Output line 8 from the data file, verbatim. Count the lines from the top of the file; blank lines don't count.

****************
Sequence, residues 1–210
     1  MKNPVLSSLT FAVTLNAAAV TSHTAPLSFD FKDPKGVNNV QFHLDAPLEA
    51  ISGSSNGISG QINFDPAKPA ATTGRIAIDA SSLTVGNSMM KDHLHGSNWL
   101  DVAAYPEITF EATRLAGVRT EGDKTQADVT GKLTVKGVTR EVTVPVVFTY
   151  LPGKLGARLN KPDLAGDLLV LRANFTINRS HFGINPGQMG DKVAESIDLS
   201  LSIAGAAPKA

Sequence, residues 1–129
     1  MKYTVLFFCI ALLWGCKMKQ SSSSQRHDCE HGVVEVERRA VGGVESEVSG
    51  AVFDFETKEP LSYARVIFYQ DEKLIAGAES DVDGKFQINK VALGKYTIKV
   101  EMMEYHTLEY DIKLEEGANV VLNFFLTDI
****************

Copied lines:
     1  MKYTVLFFCI ALLWGCKMKQ SSSSQRHDCE HGVVEVERRA VGGVESEVSG